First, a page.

Like most people, my introduction to Jamaican music began with Bob Marley, whose collection of hits lives up to his name. Legend set my standard for all other reggae music. Soon after, I discovered Peter Tosh, Toots and The Maytals, Black Uhuru, and more.
A family trip to Jamaica in the spring of 1987 exposed me to the dancehall styles of Admiral Bailey and the smooth, soulful sounds of Gregory Isaacs as well as the incredible vistas and fragrant smells of this beautiful island. Etched in my olfactory memory banks are the scents of salty sea air, wood smoke, fertile jungle, wildflowers, tropical fruits, sugar cane, rum and of course ganja.
In the summer of 1987, I joined my long-lost cousin Ross in San Francisco for a trip to the epic Reggae On The River festival in Humboldt County where (I think) I saw bands like The Mighty Diamonds, The Italys, and Culture. This experience only deepened my love for Reggae music and Jamaican culture.
Today I am happy to say that I have made some wonderful new discoveries online. It all started by looking for reggae bass lessons on YouTube and coming across excellent instructional videos by Devon Bradshaw, longtime bassist of Burning Spear. Devon is accompanied by best drummer Donovan Miller, which has its own episode with essential reggae beats and grooves. These men have the knowledge and the feeling necessary to teach you the reggae rhythm!
One of the great things about YouTube is that it often lets you follow threads to the unexpected. Such was the case when the following video showed Bradshaw and Miller backing up heavy Rasta music led by wizened and dreadlocked elders, including Johnny Walker and The Dissappointers with American saxophonist Henley Douglas Jr.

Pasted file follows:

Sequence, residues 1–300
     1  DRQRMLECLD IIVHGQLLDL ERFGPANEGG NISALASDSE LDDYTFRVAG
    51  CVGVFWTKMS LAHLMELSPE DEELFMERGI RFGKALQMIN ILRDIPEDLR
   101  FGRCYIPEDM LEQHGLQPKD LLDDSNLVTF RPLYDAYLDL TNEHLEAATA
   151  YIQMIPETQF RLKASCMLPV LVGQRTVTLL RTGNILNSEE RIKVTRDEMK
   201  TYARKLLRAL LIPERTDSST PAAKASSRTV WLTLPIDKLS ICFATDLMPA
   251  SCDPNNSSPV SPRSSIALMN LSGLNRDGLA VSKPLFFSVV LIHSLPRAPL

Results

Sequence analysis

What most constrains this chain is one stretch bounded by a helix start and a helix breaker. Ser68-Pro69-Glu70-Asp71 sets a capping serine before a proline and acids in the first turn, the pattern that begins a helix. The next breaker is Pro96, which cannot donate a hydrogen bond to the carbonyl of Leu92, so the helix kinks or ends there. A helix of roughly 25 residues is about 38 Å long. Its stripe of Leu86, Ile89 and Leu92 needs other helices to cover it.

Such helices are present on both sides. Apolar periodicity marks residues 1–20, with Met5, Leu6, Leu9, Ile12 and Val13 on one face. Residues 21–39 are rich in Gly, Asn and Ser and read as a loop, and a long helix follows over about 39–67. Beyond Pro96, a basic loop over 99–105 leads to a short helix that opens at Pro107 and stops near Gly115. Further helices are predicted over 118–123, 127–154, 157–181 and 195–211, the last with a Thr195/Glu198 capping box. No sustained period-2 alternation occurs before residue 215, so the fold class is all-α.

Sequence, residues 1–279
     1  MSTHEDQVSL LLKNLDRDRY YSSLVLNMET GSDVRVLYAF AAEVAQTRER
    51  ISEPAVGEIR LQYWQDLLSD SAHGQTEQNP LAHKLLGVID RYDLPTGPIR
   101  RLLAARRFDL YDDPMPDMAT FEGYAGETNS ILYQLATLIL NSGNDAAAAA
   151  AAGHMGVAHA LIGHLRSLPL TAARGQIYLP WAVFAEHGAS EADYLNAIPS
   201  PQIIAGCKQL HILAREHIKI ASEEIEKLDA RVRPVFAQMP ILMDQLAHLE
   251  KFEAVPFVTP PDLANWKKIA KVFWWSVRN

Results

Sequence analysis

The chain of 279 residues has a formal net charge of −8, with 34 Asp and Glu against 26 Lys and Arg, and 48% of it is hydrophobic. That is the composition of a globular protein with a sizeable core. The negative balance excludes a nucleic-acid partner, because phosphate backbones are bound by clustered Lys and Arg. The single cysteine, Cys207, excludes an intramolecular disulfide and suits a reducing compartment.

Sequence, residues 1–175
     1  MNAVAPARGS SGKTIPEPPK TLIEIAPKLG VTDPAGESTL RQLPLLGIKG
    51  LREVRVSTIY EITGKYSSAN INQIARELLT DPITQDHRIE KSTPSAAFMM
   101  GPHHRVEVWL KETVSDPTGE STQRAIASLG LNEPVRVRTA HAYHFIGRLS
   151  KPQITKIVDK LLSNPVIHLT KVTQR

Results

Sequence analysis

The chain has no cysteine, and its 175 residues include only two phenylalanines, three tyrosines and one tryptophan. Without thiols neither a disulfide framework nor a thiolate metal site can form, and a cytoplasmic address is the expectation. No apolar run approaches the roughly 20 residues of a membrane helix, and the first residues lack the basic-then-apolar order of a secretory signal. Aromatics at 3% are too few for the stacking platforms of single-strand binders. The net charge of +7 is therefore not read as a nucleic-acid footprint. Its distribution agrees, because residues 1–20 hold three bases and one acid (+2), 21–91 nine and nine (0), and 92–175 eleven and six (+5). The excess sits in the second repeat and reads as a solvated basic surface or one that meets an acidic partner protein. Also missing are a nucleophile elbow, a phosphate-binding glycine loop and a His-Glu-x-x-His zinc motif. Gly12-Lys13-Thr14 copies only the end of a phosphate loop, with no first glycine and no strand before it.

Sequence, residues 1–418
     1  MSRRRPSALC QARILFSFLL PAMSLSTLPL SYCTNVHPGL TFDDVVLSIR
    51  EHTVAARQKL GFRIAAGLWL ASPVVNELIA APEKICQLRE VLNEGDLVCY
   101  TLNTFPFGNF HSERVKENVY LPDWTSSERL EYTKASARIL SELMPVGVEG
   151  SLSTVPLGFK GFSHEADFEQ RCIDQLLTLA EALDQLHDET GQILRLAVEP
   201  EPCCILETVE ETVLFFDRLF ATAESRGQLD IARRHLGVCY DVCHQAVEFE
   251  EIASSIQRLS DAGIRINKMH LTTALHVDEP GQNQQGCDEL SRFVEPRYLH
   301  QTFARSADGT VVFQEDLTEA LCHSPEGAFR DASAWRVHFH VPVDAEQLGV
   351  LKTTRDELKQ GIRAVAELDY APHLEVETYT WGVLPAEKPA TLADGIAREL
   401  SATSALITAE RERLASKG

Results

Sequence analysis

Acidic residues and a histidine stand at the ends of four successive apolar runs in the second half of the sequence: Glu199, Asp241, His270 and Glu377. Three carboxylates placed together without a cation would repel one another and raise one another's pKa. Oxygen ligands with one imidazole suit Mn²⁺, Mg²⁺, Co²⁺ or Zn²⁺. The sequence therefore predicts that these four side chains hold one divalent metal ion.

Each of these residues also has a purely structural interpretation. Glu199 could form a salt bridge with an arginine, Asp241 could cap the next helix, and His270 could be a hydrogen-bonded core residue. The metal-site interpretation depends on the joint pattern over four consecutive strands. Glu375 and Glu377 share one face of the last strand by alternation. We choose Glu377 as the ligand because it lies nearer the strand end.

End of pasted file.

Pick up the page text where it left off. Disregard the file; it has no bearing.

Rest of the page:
With documentary-style footage, Walker’s air “Busyboasts, “You think you’re busy, you’re not busy like me.” ” “In the streets” allows a glimpse of Jamaican street life. As powerful is Jah Youth sing and give tours of his farm in the jungle.
Filmed in the hills of Nonsuch, Portland, it’s all part of a documentary titled Reggae in the Ruff and features real Rastafarian musicians named Kultural, Stannie, Splick, FarEye, Bassey, Bushman, Jah Roy and the aforementioned Johnnie Walker and Jah Youth. Sadly, a few of them died, and searching for the movie online only turned up expired links. I will keep looking as this promises to be a real situation, like a Jamaican Buena Vista Social Club.
Watching all of this led me to a fantastic show called Ras Kitchen produced by Matthew Pancer, a young Canadian with a background in media production, astute camera skills and access to high-quality equipment that allows him to capture stunning images, including spectacular aerial views of the surrounding countryside .
Strong since 2010 and now in its 4th season, Ras Kitchen focuses on the backyard and family life of Rastaman “Mokko” who runs Riverside Cool Cottages, a small group of rustic cabins in Sunning Hill in the parish of St. Thomas on the eastern tip of Jamaica.
Mokko is a sweet, fit, wiry guy with amazing 45-year-old seven-foot dreadlocks. In one episode, he shows how he keeps them clean by bathing in a nearby river with strawberry shampoo. Once they’ve dried, he neatly tucks them away under a variety of giant, funky hats.
Mokko’s culinary expertise shines brightly as he works languidly over a smoky open fire over an old oil drum and guides the viewer through a variety of recipes including Ital Stew, Janga (fried river prawns), chocolate tea, Irish moss, etc.